The glue holding Algeria together is no longer binding. The country’s finances have been hit hard by low oil prices and the regime is unable to buy social peace as the currency, the economy and public services crumble further fueling the pro-democracy protests known as the Hirak.
Two years on, the flame of the Hirak is ignited after it has been suppressed due to the coronavirus restrictions.
This Friday, Feb 26, thousands took again to the streets of big Algerian cities chanting slogans in favor of a civilian state.
Two years after the Hirak broke out to protest the fifth term of ailing Bouteflika, Algeria finds itself again led by another ailing President, Abdelmedjid Tebboune, whose strings are pulled by an aging military junta that takes advantage from the status quo.
So the Hirak movement, which managed to put an end to the regime imposed by Abdelaziz Bouteflika, has returned to the streets, now against the new president and his government. The argument of the protesters is that everything that happened between 2019 and 2020 only resulted in nothing changing. Some initiatives to liberalize the system have not caught on with the population, which considers them to be more of the same.
As stated in a top secret CIA report revealed recently by the media, Algerians no longer expect anything from the current political class. They throw up the whole system and think the army stole their revolution from them.
As in the 2019 Hirak, the police imposed traffic restrictions in several cities to prevent demonstrators from joining the protest movement but in vain. The police also intervened harshly and arrested about a thousand demonstrators, in a repression that is described as harsher than in previous confrontations.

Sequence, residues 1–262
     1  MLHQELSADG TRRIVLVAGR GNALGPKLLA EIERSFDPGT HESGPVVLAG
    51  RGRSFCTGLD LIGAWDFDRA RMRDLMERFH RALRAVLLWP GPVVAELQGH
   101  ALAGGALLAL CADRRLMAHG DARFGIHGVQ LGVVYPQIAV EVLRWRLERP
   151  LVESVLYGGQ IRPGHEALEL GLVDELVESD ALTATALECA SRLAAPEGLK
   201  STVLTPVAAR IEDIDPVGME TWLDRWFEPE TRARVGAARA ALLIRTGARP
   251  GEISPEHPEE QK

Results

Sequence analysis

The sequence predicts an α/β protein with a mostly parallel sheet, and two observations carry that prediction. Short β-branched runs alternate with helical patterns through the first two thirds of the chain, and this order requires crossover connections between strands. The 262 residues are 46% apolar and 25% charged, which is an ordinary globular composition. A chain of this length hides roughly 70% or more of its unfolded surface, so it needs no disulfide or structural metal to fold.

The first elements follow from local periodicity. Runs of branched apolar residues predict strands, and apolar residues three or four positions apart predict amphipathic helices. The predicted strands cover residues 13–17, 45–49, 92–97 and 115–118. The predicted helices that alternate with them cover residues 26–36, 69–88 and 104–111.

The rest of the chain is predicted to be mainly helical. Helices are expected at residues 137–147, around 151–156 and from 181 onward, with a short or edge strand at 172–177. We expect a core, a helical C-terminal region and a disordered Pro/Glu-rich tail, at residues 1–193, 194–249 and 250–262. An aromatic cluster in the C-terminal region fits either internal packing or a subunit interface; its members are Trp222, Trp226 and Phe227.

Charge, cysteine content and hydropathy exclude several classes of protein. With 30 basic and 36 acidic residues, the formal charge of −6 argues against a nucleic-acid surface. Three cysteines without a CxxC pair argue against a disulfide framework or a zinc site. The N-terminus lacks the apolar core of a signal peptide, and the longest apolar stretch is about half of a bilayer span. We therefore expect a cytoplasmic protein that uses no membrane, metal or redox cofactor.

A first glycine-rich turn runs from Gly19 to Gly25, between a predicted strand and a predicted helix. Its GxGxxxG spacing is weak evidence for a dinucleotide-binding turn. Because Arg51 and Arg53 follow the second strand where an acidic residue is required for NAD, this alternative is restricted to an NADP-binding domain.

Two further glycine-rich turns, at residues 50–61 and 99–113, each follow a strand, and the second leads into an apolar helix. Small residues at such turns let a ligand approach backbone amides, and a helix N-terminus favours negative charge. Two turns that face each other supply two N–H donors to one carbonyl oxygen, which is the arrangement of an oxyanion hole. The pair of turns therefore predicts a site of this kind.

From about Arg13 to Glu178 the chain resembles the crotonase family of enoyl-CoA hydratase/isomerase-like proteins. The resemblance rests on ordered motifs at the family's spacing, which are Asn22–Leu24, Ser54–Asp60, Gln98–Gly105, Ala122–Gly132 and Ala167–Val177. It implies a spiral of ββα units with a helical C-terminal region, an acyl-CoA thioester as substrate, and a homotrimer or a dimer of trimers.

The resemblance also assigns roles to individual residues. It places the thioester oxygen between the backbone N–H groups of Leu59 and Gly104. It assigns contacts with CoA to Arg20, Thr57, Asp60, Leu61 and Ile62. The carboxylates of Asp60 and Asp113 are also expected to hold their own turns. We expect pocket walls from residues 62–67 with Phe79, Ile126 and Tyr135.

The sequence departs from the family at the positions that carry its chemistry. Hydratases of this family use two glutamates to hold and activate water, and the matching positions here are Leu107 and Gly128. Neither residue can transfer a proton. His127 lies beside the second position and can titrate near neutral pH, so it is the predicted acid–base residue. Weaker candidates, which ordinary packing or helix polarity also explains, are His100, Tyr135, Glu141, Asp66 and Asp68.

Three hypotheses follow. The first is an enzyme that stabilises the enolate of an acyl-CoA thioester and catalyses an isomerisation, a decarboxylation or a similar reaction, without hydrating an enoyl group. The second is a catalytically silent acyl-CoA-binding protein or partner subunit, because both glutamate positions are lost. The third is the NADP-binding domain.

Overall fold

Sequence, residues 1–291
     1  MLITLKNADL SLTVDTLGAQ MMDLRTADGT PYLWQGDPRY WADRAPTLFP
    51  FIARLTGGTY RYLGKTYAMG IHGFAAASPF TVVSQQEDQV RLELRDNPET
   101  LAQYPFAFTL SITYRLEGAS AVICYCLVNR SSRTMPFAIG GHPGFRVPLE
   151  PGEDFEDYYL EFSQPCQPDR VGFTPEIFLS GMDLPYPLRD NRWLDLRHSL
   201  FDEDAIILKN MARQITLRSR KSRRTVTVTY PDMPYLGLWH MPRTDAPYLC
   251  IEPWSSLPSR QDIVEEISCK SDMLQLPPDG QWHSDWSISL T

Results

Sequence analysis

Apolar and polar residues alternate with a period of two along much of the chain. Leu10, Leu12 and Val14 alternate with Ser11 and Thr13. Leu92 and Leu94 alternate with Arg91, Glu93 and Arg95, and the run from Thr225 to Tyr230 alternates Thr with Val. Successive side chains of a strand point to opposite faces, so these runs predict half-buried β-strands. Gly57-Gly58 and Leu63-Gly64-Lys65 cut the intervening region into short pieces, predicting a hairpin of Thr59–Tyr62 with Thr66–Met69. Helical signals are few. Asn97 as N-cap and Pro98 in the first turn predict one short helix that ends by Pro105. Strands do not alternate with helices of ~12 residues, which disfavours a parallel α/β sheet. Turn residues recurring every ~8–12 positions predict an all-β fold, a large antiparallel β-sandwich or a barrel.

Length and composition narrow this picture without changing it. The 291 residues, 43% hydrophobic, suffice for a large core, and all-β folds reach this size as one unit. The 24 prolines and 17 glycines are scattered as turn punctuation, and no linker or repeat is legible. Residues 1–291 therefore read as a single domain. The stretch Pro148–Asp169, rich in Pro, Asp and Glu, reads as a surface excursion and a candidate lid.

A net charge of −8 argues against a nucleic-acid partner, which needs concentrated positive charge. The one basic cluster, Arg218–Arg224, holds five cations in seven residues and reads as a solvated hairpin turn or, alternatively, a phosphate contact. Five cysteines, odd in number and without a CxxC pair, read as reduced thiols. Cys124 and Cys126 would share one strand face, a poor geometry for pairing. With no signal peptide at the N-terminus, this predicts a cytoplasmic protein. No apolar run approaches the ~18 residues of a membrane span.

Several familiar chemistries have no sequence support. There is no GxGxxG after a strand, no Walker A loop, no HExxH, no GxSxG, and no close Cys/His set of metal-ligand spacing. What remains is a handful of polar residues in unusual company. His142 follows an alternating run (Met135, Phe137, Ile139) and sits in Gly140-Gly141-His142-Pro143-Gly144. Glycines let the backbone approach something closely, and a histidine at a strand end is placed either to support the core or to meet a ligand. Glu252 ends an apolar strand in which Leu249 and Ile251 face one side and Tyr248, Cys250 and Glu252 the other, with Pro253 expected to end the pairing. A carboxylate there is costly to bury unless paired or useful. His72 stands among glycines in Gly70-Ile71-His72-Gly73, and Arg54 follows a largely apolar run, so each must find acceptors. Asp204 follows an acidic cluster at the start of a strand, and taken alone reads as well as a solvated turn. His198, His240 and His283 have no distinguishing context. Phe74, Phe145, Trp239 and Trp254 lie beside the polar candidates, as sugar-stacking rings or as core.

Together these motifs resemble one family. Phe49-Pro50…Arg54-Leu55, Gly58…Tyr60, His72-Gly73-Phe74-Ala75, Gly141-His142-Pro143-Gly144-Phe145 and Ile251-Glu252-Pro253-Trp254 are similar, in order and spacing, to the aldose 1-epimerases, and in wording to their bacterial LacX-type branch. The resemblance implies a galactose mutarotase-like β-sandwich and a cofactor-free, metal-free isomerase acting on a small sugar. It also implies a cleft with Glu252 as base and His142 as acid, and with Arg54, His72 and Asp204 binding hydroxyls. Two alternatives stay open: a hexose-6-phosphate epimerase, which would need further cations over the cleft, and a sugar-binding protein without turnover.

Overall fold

Several human rights watchdogs have denounced the continuing arbitrary arrests and prosecutions of Algerian pro-democracy protesters, journalists and activists for engaging in the peaceful demonstrations and expressing political opinions on social media, accusing authorities of their deliberate strategy to crush dissent.
However, the economic factor fuels street anger amid high inflation, unemployment, lack of liquidity and shortage of basic commodities in the Algerian market.
Besides a weakening production and export capacity, Algeria’s domestic gas and oil consumption is on the rise. The country is burning more of the fuel in local power plants as its population rises, leaving less room for exports.
Lately, the Algerian government ordered cosmetic measures to cut spending, but left the state largess and generous subsidies policy unchanged in order to maintain a fragile social peace.
Even with oil prices improving to edge above $60, Algeria is still in crisis as it needs $135 a barrel to balance its budget.
With 95% of exports comprised of oil and gas, Algeria’s finances will be hit hard and its foreign exchange reserves are almost depleted leaving the country with the only choice of resorting for foreign debt which comes with conditions on top of which cutting subsidies on which Algiers fragile social peace hinges.
Anyways, the current situation indicates that the new nationwide demonstrations will continue until their goals are met: regime change and establishment of a civil & democratic state, and fulfilment of the people’s demand for better living conditions.